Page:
For over a decade, The Wall Street Journal and The Heritage Foundation, Washington’s preeminent think tank, have tracked the march of economic freedom around the world with the influential Index of Economic Freedom. Since 1995, the Index has brought Adam Smith’s theories about liberty, prosperity and economic freedom to life by creating 10 benchmarks that gauge the economic success of 185 countries around the world.
Economic freedom is the fundamental right of every human to control his or her own labor and property. In an economically free society, individuals are free to work, produce, consume, and invest in any way they please, with that freedom both protected by the state and unconstrained by the state. In economically free societies, governments allow labor, capital and goods to move freely, and refrain from coercion or constraint of liberty beyond the extent necessary to protect and maintain liberty itself.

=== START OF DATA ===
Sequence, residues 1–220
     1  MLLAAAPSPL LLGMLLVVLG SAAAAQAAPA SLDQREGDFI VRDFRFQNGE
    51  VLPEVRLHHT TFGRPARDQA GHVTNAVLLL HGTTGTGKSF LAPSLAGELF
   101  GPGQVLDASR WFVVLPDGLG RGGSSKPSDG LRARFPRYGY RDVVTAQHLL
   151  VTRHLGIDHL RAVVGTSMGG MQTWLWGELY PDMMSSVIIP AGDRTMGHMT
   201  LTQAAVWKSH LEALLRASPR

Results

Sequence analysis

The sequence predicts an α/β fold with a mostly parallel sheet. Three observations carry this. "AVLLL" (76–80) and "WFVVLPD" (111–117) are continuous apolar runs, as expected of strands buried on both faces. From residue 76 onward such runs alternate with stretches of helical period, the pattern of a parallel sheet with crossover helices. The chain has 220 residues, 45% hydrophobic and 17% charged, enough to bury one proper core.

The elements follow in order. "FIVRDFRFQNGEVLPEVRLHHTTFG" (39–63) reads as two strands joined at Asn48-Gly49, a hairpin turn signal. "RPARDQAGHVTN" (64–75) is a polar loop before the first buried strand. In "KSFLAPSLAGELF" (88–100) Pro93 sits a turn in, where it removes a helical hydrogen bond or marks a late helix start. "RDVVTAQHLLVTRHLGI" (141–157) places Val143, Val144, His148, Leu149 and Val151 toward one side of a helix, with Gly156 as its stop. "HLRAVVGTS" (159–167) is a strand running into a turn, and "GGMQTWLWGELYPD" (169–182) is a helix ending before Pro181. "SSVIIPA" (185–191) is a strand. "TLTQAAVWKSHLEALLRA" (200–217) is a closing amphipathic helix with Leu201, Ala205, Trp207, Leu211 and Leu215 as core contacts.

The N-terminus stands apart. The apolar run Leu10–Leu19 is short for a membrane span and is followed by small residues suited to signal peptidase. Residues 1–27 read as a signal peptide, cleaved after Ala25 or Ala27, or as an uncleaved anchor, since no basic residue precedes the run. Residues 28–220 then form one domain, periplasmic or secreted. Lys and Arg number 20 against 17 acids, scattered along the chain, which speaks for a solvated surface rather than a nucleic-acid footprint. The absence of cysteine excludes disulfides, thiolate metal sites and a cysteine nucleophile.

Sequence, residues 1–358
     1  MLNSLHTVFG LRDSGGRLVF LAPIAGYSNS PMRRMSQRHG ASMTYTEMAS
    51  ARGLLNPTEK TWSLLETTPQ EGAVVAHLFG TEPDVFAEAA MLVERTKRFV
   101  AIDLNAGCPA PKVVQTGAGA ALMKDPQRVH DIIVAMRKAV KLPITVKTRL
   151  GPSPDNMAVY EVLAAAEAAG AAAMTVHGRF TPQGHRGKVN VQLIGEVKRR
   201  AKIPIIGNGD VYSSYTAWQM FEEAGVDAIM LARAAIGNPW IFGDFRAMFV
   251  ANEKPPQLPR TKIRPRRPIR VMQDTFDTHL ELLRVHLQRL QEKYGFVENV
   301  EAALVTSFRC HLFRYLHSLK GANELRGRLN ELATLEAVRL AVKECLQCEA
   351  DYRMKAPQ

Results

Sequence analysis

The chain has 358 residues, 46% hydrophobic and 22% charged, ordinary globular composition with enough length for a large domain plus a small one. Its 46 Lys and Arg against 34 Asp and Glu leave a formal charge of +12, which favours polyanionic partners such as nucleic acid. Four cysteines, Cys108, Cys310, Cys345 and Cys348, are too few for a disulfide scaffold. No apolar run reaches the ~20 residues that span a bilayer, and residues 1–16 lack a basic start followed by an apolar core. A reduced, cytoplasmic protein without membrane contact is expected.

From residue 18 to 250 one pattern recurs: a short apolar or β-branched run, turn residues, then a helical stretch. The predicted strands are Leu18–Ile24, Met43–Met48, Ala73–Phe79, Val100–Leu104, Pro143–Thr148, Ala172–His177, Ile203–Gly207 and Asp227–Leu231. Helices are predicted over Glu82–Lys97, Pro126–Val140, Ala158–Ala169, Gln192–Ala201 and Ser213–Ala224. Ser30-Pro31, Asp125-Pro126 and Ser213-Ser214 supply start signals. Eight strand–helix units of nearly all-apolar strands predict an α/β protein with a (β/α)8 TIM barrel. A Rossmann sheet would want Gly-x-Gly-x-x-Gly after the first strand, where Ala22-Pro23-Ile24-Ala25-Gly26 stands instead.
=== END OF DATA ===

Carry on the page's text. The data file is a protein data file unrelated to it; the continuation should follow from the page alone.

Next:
The 10 economic freedoms are grouped into four broad categories or pillars of economic freedom:
* Rule of Law (property rights, freedom from corruption);
* Limited Government (fiscal freedom, government spending);
* Regulatory Efficiency (business freedom, labor freedom, monetary freedom); and
* Open Markets (trade freedom, investment freedom, financial freedom).
Each of the freedoms within these four broad categories is individually scored on a scale of 0 to 100. A country’s overall economic freedom score is a simple average of its scores on the 10 individual freedoms.
Top 10 Countries for 2013
rank country overall score
1 Hong Kong. 89.3
2 Singapore. 88.0
3 Australia. 82.6
4 New Zealand. 81.4
5 Switzerland. 81.0
6 Canada. 79.4
7 Chile. 79.0
8 Mauritius. 76.9
9 Denmark. 76.1
10 United States. 76.0
Sri Lanka is at # 81 under moderately free countries! Yet, we fail to understand why professionals and good brains continue to migrate to high ranking countries, resulting in a net ‘brain drain’ which is hurting the country.